Acquired resistance to gefitinib remains a major challenge in cancer treatment. In the present study, the effect of exosomes on the transmission of gefitinib resistance from gefitinib-resistant HCC827 lung cancer cells (H827R) to their gefitinib-sensitive counterparts and the potential underlying mechanisms by which this occurs was investigated. Exosomes were obtained from the cell supernatant using ultracentrifugation and the ExoQuick-TC exosome precipitation solution. Drug resistance was assessed by flow cytometry, apoptosis assays and cell counting kit-8 assays. The expression of microRNA (miR)-21 was analyzed by reverse transcription-quantitative polymerase chain reaction. Exosomes released by H827R cells (R/exo) may decrease the sensitivity of the human NSCLC HCC827 cell line to gefitinib. The results indicated that miR-21 expression was increased in R/exo and R/exo-treated H827S cells. However, miR-21 inhibition abrogated exosome-mediated drug resistance. Phosphorylated-protein kinase B (p-Akt), which is downstream of miR-21, was downregulated following gefitinib treatment; however, R/exo pretreatment elevated p-Akt levels and promoted the activation of Akt. By contrast, miR-21 inhibition reduced p-Akt expression. Therefore, the induction of miR-21 via exosomes and the activation of Akt may be mechanisms by which exosomes mediate the transfer of drug resistance.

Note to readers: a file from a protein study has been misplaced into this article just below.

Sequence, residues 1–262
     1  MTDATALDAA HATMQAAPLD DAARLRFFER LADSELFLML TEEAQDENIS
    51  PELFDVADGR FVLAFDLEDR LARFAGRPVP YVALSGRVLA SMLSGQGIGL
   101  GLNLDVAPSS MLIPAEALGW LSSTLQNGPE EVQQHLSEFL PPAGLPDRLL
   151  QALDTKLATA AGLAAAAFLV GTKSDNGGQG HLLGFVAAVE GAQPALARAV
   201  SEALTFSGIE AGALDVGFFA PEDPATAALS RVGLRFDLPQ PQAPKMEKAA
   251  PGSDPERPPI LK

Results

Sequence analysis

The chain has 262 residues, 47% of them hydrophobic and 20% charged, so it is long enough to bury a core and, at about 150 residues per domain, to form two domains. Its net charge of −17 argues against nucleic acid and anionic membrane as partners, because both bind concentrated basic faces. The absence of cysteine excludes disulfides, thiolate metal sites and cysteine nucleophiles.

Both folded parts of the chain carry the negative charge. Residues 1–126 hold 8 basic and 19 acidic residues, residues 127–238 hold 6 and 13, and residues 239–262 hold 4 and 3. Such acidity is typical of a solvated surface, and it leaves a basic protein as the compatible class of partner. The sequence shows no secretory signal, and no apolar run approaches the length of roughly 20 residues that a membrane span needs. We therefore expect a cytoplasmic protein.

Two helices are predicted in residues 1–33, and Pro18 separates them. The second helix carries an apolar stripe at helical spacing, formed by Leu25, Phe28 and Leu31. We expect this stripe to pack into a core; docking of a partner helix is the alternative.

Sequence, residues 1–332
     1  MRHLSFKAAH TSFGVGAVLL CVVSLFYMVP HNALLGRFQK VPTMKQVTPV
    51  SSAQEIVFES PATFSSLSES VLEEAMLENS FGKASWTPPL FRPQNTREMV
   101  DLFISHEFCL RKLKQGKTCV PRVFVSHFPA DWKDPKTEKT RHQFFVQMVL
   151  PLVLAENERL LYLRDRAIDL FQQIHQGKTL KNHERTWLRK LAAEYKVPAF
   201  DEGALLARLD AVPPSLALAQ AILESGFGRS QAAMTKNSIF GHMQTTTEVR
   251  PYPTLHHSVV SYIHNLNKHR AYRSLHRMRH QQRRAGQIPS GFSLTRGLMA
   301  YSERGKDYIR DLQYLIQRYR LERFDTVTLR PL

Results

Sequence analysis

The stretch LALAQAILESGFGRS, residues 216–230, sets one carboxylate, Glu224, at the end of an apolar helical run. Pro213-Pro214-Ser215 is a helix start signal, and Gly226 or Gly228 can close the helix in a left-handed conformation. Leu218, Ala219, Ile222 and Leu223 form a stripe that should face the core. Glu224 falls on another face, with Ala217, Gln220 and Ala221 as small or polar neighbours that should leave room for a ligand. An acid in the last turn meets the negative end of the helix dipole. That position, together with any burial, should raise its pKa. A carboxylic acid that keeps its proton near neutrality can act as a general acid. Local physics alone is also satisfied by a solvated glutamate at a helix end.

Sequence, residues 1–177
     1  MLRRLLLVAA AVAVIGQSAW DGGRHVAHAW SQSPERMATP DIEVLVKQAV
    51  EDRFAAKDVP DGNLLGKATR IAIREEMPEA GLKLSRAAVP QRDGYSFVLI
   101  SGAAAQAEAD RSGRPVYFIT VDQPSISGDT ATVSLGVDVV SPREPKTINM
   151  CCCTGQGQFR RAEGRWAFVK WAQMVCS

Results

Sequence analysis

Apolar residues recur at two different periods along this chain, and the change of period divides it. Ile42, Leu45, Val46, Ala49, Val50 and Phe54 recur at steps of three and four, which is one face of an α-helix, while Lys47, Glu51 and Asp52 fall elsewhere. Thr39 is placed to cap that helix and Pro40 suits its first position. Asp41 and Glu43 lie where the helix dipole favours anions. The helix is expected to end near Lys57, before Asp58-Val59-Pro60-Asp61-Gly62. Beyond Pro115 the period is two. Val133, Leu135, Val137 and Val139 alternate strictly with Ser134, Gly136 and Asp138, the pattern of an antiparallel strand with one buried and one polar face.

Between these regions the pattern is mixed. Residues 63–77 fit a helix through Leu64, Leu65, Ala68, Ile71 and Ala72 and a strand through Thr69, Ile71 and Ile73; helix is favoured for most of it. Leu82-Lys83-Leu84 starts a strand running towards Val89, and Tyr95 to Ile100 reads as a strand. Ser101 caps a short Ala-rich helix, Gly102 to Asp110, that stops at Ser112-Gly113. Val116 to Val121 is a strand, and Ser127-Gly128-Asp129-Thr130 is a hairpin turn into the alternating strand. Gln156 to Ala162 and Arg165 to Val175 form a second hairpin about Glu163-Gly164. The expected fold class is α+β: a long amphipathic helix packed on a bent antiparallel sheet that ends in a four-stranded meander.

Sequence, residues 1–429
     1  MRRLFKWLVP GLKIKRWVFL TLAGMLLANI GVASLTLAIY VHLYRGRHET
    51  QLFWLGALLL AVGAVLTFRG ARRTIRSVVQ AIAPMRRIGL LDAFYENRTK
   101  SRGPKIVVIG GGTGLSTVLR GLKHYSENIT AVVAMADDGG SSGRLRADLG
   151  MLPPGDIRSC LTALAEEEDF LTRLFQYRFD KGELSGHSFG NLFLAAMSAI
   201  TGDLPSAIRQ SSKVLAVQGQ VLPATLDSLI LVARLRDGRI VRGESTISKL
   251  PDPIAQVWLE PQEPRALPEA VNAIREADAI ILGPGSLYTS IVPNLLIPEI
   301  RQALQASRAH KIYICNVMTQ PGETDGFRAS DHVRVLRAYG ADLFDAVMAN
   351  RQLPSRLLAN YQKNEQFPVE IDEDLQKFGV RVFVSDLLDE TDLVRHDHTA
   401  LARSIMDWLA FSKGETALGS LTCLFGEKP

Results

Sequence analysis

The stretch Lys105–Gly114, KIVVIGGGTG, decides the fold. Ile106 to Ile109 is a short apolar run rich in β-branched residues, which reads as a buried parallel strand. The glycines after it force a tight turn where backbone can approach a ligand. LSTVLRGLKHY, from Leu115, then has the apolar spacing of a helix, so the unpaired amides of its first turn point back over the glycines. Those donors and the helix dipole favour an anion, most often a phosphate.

PMID: 29928355 [PubMed]

Characteristics of Extracellular Vesicles in Red Blood Concentrates Change with Storage Time and Blood Manufacturing Method.

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Characteristics of Extracellular Vesicles in Red Blood Concentrates Change with Storage Time and Blood Manufacturing Method.

Transfus Med Hemother. 2018 May;45(3):185-193

Authors: Almizraq RJ, Holovati JL, Acker JP

Abstract
Background: Extracellular vesicles (EVs) in blood products are potential effectors of inflammation and coagulation after transfusion. The aim of this study was to assess the impact of different blood manufacturing methods and duration of hypothermic storage on the EV subpopulations in relation to other in vitro quality parameters of red blood cell concentrate (RCC) products.
Methods: RCCs were produced using whole blood filtration (WBF) or red cell filtration (RCF) (n = 12/method), refrigerated for 43 days, and evaluated for EV size profile and concentration, red cell deformability, ATP and 2,3-DPG, hemolysis, and hematological indices.
Results: The total number of EVs increased significantly with storage in both methods, and WBF-RCCs contained the higher numbers of EVs compared to RCF-RCCs. The concentration of small EVs was greater in WBF-RCCs versus RCF-RCCs, with difference between the two methods observed on day 43 of storage (p = 0.001). Throughout storage, significant decreases were identified in ATP, 2,3-DPG, and EImax, while an increase in hemolysis was observed in both RCC products.